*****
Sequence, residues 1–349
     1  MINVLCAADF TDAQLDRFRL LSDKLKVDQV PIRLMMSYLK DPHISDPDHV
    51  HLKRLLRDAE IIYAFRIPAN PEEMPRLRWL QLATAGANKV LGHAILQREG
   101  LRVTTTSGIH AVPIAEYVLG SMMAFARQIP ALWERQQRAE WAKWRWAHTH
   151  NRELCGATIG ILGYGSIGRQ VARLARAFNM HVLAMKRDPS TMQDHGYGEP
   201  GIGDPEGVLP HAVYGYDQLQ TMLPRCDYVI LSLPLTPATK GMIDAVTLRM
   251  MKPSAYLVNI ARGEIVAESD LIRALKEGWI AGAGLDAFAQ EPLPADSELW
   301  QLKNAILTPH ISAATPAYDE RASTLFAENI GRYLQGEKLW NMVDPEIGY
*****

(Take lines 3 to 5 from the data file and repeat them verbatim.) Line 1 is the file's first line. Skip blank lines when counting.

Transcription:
    51  HLKRLLRDAE IIYAFRIPAN PEEMPRLRWL QLATAGANKV LGHAILQREG
   101  LRVTTTSGIH AVPIAEYVLG SMMAFARQIP ALWERQQRAE WAKWRWAHTH
   151  NRELCGATIG ILGYGSIGRQ VARLARAFNM HVLAMKRDPS TMQDHGYGEP